Benjamin Britten’s Saint Nicolas – premiered in 1948 at the first Aldeburgh Festival, Peter Pears in the title part – is music as a communal activity, a blend of professional, children’s and congregational voices. It was the London Choral Sinfonia’s (choir and orchestra) contribution to the Christmas Festival at St John’s Smith Square.
Saint Nicolas – the fourth-century bishop of Myra, in Asia Minor – is the patron saint of children and sailors and was transformed through legend into the figure of Santa Claus. Britten’s Cantata details the main events of Nicolas’s life, from birth to death, via his pilgrimage to Palestine, his ordination as a bishop, and persecution. Britten’s practicality and economy of means are evident throughout. His skill at blending the different vocal timbres is masterly, and the two hymns involving all of the participants is an example of his ability to capture the essence of the subject in a simple but dramatically satisfying manner.
The choristers of the London Choral Sinfonia were vocally secure. Twenty-eight in number, their feeling for characterisation was infectious , whether as hearty sailors or starving beggars. The sopranos and altos representing Nicholas’s early years had vigour and purity and were eventually joined by the boys of the Gallery Choir. The episode of the Three Pickled Boys who, at a time of famine, have been pickled in brine by a wicked butcher and are then restored to life by Nicolas is macabre and theatrical. The final appearance of the boys’ choir to celebrate the return of the marinated youngsters was touching.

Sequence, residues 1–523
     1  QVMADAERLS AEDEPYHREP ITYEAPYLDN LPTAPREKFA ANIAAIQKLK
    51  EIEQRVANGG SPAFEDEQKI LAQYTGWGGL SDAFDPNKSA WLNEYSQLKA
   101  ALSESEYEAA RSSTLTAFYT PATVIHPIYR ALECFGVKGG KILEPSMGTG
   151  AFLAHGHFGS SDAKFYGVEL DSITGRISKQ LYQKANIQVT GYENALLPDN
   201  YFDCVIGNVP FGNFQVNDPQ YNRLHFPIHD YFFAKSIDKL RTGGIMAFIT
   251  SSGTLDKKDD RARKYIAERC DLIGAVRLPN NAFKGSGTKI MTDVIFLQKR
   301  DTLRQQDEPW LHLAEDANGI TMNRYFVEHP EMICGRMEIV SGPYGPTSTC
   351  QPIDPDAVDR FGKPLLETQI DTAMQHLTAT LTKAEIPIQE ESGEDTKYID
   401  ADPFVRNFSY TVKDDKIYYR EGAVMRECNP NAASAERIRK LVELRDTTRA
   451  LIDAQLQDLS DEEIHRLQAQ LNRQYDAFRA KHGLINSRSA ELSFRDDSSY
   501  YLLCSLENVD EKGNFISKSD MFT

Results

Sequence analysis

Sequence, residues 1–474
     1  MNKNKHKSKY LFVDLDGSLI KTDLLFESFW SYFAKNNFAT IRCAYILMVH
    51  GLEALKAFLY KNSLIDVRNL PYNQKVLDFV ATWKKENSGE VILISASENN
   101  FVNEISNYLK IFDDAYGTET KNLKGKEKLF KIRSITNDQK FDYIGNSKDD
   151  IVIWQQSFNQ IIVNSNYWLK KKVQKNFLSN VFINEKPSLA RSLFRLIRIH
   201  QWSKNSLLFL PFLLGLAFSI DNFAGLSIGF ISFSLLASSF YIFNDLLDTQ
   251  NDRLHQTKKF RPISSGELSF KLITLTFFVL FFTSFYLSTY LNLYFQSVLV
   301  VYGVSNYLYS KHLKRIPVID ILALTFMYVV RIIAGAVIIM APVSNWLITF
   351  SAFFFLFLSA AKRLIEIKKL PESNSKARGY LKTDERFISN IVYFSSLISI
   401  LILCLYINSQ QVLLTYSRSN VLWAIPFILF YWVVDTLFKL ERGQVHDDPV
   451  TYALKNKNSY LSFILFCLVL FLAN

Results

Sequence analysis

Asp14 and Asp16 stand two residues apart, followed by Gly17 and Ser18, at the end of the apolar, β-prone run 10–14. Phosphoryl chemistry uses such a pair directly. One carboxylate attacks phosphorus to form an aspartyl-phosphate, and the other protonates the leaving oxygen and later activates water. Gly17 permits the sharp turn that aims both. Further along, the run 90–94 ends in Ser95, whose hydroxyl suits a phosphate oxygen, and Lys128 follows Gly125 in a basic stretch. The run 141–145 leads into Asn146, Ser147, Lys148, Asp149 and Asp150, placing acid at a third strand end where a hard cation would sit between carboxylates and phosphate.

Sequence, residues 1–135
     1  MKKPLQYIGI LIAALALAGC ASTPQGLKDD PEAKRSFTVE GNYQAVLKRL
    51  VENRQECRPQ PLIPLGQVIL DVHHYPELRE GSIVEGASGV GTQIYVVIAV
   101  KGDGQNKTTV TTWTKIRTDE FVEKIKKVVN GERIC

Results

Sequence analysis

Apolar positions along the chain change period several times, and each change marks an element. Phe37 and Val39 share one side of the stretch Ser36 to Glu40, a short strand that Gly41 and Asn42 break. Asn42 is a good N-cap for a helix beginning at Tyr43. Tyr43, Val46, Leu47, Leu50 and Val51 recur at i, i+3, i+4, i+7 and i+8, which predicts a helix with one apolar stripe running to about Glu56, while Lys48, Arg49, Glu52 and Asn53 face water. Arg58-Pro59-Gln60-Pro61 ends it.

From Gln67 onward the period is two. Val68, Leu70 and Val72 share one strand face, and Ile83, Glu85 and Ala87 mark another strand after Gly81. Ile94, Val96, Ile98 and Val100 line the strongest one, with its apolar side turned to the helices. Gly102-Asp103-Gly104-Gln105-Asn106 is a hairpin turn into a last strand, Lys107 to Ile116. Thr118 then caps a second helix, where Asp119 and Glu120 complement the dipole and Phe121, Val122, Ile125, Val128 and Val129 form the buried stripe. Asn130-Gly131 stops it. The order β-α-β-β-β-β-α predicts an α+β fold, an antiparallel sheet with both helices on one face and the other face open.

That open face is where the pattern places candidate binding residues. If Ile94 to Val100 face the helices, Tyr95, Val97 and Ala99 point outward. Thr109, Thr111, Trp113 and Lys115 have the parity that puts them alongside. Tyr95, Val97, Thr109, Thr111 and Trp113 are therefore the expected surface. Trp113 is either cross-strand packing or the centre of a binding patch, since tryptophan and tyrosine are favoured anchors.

Nick Pritchard was a forthright Saint who married expressivity with beauty of tone, and commitment to God and devotion to others was eloquently voiced, with exemplary diction, often gripping in its intensity. Pritchard’s anguish as Nicolas faced persecution under Roman rule was palpable and his tranquil acceptance of death was most moving.
Michael Waldron led a well-shaped and dramatically vivid account of the work, alive to Britten’s musical impulse, and the playing was alert and sensitive, a cello solo poignant. The choirs were well co-ordinated in the grand scene where Nicolas receives the bishop’s mitre and the audience joins in with ‘All people that on earth do dwell’. The final section was rousing and skirted sentimentality by a whisker, as does the work itself.
The first half of the concert presented a well-chosen collection of Christmas carols and seasonal tunes. Most notable were the operatic interpretations of ‘Silent Night’ and ‘O Holy Night’ by soprano Francesca Chiejina, currently a Jette Parker Young Artist at The Royal Opera. The LCS’s Composer in Residence Owain Park supplied vivid orchestrations.